Of the great struggles of the last century, against the dark night of fascism, Nazi-ism and anti-semitism, against the shame of apartheid and for the victory of democracy and equal rights at home and abroad, British working people have always played a decisive role. In this century, the 21st Century, we have injustice to fight, too. I promise you that our voice as a Labour Government will be heard, demanding an end to the denial of democracy and human rights in Burma, supporting a ceasefire with justice for the two million displaced in Darfur and supporting peace with justice in the Middle East.
We have terrorist extremism to fight whether in Afghanistan or in the twenty countries, including Iraq, in which Al Qaeda have bombed and maimed innocent people. It is important to say today that we will do our duty and keep our promises and honour and discharge our obligations to the international community and to the new democracy of peoples in Iraq.
Also we have just to build in Africa, so just as we stood side by side with Nelson Mandela to defeat apartheid, I now join Nelson Mandela in asking you to be part of the Education for All Campaign so that the day will dawn soon when 80 million children who do not go to school today because there are no schools for them to go to, will have the basic human right of education.
Like people here, I have been in Africa. I have met children who, if given the chance, could be the next Mandela, or the doctor who saves lives, or a teacher who inspires children or a public service worker who cares for people in need. Let us by raising international development aid and by mobilising the world's resources work together not only to eradicate illiteracy in the coming decade but use the medical knowledge and science that we have to eradicate the killer diseases.
And even as we together face the forces of globalisation, let us make it our mission to ensure that in rich and poor countries alike, all children and all families are not the victims but the beneficiaries of globalisation, not the losers but the winners from global change.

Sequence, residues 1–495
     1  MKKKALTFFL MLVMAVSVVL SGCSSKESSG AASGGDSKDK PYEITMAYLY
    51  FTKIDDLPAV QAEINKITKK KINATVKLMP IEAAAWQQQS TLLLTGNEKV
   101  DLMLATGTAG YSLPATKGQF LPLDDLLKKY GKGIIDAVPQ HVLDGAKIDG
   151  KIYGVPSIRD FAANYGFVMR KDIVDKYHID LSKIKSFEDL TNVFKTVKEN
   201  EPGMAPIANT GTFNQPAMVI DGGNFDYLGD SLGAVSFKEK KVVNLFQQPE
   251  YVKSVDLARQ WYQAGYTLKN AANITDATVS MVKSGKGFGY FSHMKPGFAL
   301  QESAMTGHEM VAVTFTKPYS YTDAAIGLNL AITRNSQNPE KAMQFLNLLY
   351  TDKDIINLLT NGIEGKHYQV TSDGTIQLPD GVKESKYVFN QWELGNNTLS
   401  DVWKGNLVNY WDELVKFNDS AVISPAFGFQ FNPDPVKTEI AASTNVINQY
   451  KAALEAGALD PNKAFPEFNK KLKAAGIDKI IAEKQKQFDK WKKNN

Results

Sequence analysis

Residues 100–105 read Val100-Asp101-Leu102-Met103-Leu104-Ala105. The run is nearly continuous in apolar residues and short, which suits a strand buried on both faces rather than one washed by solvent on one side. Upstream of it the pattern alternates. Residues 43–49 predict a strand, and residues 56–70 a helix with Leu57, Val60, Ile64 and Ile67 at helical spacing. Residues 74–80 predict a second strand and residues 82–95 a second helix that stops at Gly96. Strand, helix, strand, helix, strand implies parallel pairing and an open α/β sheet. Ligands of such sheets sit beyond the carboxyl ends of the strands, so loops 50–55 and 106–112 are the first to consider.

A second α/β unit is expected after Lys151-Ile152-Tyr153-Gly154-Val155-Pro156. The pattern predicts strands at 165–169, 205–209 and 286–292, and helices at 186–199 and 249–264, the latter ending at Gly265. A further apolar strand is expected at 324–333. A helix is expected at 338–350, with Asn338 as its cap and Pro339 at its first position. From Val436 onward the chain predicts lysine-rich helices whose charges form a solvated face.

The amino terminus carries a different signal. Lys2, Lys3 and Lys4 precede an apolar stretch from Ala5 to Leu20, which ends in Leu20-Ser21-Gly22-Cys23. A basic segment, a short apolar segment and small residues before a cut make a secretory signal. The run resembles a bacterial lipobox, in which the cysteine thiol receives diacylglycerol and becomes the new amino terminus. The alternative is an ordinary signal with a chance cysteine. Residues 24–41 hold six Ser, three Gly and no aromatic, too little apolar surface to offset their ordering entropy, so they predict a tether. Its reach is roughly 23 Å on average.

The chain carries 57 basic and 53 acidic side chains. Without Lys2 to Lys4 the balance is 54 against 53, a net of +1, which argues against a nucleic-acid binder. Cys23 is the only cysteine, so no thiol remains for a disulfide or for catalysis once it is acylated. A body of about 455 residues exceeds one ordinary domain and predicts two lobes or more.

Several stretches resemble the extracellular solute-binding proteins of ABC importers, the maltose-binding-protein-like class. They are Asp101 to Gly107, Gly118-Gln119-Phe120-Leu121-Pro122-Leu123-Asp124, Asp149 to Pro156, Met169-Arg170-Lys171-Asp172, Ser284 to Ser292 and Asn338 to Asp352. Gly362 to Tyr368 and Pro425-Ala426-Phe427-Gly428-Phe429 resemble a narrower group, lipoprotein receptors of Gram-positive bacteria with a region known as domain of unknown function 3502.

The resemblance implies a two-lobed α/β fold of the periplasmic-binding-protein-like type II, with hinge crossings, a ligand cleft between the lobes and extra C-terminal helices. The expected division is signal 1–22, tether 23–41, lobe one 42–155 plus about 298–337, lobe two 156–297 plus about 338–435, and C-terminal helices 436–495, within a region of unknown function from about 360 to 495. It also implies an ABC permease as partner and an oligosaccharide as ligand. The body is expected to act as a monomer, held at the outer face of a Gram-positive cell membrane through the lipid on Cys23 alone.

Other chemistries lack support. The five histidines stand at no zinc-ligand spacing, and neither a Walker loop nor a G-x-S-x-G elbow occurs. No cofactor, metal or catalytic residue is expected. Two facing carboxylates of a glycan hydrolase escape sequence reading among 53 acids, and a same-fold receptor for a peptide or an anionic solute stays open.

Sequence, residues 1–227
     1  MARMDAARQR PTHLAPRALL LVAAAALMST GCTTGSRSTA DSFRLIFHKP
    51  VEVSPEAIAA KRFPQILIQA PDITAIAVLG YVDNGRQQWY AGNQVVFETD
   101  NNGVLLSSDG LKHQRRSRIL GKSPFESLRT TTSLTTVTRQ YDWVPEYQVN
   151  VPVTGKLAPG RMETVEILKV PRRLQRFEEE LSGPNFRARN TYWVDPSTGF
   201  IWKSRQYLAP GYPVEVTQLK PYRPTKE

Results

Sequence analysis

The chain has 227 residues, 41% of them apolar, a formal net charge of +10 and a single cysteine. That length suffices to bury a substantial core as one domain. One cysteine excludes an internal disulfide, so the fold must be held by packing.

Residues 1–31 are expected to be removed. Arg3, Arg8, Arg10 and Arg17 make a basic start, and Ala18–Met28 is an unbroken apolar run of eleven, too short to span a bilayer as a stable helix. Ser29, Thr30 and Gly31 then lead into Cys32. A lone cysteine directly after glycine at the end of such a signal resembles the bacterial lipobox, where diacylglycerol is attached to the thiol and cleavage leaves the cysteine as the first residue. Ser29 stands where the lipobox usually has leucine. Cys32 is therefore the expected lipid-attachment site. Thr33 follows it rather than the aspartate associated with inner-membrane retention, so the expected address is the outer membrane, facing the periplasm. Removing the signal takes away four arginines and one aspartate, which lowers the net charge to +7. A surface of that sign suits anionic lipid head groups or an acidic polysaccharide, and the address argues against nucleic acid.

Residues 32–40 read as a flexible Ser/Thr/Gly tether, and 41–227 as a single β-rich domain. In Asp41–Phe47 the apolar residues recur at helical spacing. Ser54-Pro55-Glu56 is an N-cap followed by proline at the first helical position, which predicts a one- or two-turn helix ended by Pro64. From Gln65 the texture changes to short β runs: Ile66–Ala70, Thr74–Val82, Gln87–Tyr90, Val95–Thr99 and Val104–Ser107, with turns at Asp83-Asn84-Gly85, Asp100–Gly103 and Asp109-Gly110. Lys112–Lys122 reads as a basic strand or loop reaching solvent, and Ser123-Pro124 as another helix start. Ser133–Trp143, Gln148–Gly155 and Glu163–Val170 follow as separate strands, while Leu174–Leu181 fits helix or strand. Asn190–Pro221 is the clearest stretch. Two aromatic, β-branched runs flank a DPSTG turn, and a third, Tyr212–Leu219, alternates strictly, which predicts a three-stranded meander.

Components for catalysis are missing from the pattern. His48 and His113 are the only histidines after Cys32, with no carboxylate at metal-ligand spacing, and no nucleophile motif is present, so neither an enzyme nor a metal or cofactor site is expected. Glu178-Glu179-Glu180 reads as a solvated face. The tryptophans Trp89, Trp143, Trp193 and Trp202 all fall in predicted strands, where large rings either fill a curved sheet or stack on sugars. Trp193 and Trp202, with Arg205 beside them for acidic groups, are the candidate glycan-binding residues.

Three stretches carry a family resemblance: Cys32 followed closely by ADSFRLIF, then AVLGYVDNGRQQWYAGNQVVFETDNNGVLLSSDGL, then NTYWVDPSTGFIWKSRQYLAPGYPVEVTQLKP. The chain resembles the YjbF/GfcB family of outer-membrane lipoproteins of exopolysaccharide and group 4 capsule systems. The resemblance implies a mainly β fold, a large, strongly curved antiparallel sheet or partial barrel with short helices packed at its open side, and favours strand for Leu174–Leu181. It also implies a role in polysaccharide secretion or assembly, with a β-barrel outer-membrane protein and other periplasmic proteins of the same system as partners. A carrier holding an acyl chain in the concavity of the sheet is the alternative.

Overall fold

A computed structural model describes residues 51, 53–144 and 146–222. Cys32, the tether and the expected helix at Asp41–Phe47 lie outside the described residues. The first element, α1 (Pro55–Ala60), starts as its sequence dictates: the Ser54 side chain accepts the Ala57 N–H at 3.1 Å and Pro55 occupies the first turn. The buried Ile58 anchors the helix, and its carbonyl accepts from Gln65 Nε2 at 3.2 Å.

In the last 20 years with a trebling of world trade, with two billion workers joining the industrial economy in Asia, this global economy has been transformed as everybody here knows at a speed and on a scale which has not been seen since the industrial revolution.
Let us face the facts: soon 25% of the world's output could come from just two countries - China and India.
Europe is now exporting less manufactured goods than Asia. In Britain famous household names from GEC to BTR have virtually disappeared. Already an Indian company has bought British Steel, an Egyptian company has taken over the third largest Italian telecommunications firm and a Brazilian company is now the second largest mining enterprise in the world.
We cannot dismiss these changes, as it is sometimes said as China and India take over the low tech industries, as a race to the bottom where the answer is simply protecting home industries, shutting foreign goods out and sheltering from change. Already India's biggest export earnings are not tea or clothing but computer software and management services. China is today producing half the world's textiles, half the world's computers, 60% of all mobile phones, 60% of digital cameras and 80% of some of the most sophisticated electronic goods that we use every day. Already China and India are turning out more engineers, more computer scientists and more university graduates than the whole of Europe and America combined.
When it comes to our members' jobs, the most important fact is that the world has seen a 400% rise in the numbers of unskilled workers. Just think about what that means about our need for our workers to acquire skills. In Asia a worker is doing a week's unskilled work for £20 a week rather than the average £300 here. So the answer is clear. It is a new role for trade unionism in Britain and in the world - our workers given the power to acquire the skills that give us the bargaining power, the higher wages and then the prosperity.
It is a point of principle for me as it will be for you: the answer is not to compete on low skills with ever lowering standards but to compete on ever higher skills - most of all ensuring that our children and our young people have the training, the skills and the qualifications to get secure, well paid, high quality jobs in Britain in the future.
So the sheer scale, scope and size of the global change is a wake-up call to all of us. We all must rise to the challenges of global change: businesses, teachers, politicians, trade unionists, all of us. We will only meet the new challenges ahead which are to finance education for all our children, provide the best work life balance with more child care for all, ensuring dignity and security for all in retirement, creating the best of standards for people in the workplace, if we can meet and master the huge global challenges ahead.
Some people think that the 21st Century will be China's century. But I think that if we show the skills, the inventiveness, the creativity and the spirit of enterprise, we can make it a British century. Some people argue that in this fast moving world of change we have to sacrifice our enduring values and give up on full employment and universal public services.